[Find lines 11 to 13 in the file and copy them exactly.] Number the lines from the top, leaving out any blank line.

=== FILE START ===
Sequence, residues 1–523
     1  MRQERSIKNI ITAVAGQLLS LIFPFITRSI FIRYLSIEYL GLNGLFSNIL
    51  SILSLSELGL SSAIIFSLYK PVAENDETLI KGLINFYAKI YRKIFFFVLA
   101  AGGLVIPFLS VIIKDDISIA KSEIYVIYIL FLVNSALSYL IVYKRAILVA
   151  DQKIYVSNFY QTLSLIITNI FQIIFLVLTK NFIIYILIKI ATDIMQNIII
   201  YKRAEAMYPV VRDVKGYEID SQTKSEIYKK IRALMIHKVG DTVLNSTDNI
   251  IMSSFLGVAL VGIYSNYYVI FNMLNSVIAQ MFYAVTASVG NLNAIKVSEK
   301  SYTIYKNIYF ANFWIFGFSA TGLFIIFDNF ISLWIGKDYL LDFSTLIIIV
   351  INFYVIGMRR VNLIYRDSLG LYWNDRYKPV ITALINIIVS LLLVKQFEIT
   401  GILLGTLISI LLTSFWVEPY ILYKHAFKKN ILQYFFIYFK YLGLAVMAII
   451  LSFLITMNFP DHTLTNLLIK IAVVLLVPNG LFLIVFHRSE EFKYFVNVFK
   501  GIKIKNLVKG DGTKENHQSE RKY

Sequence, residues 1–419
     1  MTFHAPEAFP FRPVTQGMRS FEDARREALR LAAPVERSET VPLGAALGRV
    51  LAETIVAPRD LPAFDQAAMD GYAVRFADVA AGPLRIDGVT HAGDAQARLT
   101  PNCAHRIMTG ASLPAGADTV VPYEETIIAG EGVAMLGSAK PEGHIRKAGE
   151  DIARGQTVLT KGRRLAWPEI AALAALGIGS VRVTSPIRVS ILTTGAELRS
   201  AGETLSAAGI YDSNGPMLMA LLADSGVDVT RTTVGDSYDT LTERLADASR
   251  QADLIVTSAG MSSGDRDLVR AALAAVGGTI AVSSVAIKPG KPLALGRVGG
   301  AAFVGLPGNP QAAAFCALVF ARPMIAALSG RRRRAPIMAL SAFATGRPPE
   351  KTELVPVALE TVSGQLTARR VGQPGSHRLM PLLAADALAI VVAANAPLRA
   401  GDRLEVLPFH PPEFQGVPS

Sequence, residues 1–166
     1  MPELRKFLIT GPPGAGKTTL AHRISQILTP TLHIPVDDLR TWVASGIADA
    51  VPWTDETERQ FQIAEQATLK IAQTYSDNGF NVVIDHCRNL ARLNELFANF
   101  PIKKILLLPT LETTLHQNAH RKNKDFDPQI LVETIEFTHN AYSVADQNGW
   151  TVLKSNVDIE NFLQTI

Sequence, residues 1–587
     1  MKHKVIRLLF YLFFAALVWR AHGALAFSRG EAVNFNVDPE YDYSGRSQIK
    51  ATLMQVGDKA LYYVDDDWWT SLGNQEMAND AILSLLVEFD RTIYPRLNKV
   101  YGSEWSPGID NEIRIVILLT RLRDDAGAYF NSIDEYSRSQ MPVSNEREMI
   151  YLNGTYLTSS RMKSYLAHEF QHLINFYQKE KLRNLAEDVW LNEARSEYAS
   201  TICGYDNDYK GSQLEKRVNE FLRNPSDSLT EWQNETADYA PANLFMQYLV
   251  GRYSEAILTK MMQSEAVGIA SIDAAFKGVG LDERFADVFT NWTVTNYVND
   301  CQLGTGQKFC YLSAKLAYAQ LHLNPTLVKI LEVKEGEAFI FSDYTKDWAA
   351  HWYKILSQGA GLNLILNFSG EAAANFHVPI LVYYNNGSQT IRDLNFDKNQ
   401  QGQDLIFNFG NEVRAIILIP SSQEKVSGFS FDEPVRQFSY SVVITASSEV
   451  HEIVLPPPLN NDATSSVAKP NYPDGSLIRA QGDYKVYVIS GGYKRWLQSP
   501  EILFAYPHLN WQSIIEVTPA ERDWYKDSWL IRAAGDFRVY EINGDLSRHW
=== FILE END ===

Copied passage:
   451  LSFLITMNFP DHTLTNLLIK IAVVLLVPNG LFLIVFHRSE EFKYFVNVFK
   501  GIKIKNLVKG DGTKENHQSE RKY

Sequence, residues 1–419